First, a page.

Cybernetics is not the same as robotics, and it has nothing to do with freezing dead people. It is as different from artificial intelligence as philosophy is from mud-pies. And, in the opinion of the speaker, it subsumes the “hard” sciences, the soft sciences, and the humanities as well.
Emerging from control theory and the feeling that trans-disciplinary enquiry was critical, the field of cybernetics surged in the 1940s. By 1960 it had become a political no-no, coincidentally the same period that it exploded into new domains. Today the word has returned to common use, but its meaning and importance are not understood. Cybernetics directly influences revolutionary work in fields such as biology, cognitive science, family therapy, machine intelligence, and management.
But what is it? Primarily an epistemological stance, cybernetics is informally characterized by the speaker as “the science of describing”; that is, a formal approach to the purpose and nature of this universal human activity. As such, it requires an examination of the subjectivity inherent in all description. Insofar as it exposes science as a consensual process (rather than a research for “truth”), it shows how science does not require a “real world" to do its work. Insofar as its primary observable is an “interaction” in which the observer inextricably participates, it is suitable for application to all human activities.
In building his argument for the importance of cybernetics in the future of science, the speaker will give an overview of the philosophy and implications of the field. Examples will be given from his work in software development and management consulting, as well as from other important applications. He will draw implications for an ethics of scientific enquiry, the responsibility of the individual, and the signs of change in the world order.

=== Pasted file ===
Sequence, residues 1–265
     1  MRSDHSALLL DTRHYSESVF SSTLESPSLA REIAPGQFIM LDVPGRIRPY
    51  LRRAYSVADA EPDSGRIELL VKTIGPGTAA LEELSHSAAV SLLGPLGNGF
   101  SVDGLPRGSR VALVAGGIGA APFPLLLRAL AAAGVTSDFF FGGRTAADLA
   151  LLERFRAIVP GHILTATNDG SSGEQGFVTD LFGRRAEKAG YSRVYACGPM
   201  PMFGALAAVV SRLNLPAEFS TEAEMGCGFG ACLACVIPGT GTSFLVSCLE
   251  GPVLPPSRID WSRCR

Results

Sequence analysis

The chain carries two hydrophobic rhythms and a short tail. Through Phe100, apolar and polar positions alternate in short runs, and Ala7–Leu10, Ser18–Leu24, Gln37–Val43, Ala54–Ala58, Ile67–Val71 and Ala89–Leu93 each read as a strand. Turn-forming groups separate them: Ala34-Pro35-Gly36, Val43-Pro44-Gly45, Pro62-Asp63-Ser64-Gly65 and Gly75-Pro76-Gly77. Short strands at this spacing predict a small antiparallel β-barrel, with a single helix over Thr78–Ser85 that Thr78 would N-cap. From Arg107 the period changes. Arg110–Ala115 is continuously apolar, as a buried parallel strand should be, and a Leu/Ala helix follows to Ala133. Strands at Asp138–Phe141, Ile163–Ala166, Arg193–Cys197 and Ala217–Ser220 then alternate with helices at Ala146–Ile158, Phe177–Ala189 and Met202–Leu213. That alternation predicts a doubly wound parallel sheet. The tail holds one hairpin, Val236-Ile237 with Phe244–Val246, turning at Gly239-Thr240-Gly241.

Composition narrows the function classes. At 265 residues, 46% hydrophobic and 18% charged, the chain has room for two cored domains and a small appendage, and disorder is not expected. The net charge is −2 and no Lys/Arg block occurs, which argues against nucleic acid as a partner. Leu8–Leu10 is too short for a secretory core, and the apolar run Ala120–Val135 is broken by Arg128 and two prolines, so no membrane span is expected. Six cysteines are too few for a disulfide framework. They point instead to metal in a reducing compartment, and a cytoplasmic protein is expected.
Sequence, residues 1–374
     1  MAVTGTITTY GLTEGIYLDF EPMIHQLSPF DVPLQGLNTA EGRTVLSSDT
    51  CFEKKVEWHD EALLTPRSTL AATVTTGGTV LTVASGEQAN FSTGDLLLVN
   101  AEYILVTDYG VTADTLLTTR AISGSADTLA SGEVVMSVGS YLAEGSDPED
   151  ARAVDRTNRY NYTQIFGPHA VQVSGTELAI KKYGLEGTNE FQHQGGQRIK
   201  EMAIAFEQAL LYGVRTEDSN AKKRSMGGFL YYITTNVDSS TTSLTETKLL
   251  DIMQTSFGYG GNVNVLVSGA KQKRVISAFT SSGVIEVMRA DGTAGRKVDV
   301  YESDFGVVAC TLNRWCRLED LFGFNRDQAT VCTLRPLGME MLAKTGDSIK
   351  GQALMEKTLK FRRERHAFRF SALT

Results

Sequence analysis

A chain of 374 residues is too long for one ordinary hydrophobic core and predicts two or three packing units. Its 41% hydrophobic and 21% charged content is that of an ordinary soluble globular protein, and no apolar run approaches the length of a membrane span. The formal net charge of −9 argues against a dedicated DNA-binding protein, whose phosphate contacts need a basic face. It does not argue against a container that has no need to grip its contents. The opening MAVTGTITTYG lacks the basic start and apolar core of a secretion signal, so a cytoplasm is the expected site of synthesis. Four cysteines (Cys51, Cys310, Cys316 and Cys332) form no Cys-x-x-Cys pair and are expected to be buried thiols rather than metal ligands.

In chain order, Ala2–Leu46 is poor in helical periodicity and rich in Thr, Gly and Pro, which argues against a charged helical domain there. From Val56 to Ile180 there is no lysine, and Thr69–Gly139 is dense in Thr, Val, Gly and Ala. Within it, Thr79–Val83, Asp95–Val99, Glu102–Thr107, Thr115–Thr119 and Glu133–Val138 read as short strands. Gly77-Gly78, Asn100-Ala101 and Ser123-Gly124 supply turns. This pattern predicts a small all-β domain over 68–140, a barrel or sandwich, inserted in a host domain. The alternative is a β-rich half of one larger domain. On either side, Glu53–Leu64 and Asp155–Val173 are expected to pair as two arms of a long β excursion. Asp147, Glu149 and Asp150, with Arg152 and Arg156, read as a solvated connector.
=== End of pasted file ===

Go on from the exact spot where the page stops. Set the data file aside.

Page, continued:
The speaker, Paul Pangaro, was educated at the Massachusetts Institute of Technology in Humanities and Computer Science and holds a doctoral degree in Cybernetics from Brunel University, UK He has worked with Nelson Max on international award-winning computer-generated films, with Jerry Lettvin on neural modeling, with Nicholas Negroponte on color graphics and animation systems, and with Gordon Pask on the cybernetics of learning. In 1981, PANGARO Incorporated of Washington, DC was formed to provide a vehicle for cybernetic research and development.